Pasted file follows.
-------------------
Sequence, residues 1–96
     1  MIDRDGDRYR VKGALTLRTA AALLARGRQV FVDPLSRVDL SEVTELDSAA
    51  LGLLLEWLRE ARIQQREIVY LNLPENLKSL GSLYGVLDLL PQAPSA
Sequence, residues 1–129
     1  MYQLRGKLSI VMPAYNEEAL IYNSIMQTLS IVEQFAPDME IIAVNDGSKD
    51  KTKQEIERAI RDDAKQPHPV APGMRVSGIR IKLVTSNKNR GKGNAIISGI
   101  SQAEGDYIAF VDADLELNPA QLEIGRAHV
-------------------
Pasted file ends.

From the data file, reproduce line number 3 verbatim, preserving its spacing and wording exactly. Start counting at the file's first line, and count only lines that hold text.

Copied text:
    51  LGLLLEWLRE ARIQQREIVY LNLPENLKSL GSLYGVLDLL PQAPSA